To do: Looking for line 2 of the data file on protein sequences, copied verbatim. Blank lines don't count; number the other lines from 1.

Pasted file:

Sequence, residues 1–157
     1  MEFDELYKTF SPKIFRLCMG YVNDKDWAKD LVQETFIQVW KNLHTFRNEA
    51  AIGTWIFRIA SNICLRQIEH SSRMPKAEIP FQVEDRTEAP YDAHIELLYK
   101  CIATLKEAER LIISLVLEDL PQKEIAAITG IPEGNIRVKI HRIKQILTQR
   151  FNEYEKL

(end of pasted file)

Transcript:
     1  MEFDELYKTF SPKIFRLCMG YVNDKDWAKD LVQETFIQVW KNLHTFRNEA